New Drugs for Migraine on the Way
Calcitonin gene-related receptor (CGRP) antagonists are the most important medications in advanced stage clinical development for the treatment of both the acute migraine attack and the prevention of frequent attacks.
Clinical trials on two of the antibodies have now been published in the New England Journal of Medicine.
One antibody, Erenumab made by Novartis, was trialed on 955 patients with episodic migraine.
- At the start of the trial the patients had migraines on an average of eight days a month.
- The study found 50% of those given the antibody injections halved their number of migraine days per month.
- About 27% did have a similar effect without treatment, which reflects the natural ebb and flow of the disease.
- Another antibody, fremanezumab made by Teva pharmaceuticals, was trialled on 1,130 patients with chronic migraine.
About 41% of patients halved their number of migraine days compared with 18% without treatment.
Erenumab has recently applied to the NHS and the European Medicines Agency for a license for use in the UK and Europe. There is more press coverage on this below.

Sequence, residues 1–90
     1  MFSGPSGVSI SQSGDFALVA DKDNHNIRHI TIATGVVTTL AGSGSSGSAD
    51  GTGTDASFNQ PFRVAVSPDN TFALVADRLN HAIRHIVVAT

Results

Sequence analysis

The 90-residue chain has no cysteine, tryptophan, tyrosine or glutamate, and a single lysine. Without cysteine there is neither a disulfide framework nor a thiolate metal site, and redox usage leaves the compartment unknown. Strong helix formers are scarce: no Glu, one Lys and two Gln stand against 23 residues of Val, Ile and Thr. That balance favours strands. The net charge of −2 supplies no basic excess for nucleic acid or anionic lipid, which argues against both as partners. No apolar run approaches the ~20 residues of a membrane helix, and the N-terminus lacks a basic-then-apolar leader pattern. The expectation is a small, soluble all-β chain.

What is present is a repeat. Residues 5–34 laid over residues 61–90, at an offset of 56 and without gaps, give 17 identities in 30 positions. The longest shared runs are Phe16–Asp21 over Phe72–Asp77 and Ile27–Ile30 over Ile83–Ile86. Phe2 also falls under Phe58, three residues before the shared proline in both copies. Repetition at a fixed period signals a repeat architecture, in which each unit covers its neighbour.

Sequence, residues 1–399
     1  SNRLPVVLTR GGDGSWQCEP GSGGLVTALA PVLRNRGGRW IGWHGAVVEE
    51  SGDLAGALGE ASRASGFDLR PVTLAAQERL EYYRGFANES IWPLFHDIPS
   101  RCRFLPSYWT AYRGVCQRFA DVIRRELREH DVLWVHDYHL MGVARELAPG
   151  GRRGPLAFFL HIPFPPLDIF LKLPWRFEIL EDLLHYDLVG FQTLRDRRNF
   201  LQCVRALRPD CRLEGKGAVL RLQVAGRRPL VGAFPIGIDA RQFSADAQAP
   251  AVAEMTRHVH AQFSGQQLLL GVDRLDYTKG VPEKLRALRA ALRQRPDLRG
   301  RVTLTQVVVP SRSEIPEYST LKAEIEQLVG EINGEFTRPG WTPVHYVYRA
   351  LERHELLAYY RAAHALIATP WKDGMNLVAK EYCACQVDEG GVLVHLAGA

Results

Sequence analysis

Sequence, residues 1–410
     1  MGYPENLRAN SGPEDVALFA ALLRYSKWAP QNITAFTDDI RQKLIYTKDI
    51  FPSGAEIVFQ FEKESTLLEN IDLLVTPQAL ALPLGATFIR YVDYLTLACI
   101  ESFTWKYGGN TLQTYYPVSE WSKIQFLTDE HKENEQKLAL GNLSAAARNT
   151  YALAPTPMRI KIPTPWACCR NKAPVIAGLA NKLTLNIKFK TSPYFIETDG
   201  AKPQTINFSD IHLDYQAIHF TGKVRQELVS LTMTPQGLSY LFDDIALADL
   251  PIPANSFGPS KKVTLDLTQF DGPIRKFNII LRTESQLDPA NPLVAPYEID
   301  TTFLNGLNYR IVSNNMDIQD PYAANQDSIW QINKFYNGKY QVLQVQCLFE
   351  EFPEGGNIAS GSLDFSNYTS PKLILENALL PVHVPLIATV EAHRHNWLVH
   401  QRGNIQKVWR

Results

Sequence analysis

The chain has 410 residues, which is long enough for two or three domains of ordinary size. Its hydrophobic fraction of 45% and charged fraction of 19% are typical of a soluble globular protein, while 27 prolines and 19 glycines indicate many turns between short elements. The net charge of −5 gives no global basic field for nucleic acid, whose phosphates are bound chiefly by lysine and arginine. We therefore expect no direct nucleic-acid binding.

CGRP is a substance which is pivotal for the triggering of migraine and there are raised levels in the blood during an attack. It is known to cause blood vessels to dilate and cause inflammation at nerve endings. The latest drugs are monoclonal antibodies which target this pathway and prevent the actions of CGRP.
Researchers are very interested in the role of these medications as a migraine preventative therapy, as this is currently regarded as one of the major unmet needs for people who get frequent migraine attacks.
These medications are still 9- 12 months away from being licensed for approval in Ireland. To date they have met all the critical end-points regarding efficacy and safety. They offer great hope for the future and these encouraging results represent a major step forward in our understanding of migraine prevention.
UK Press Coverage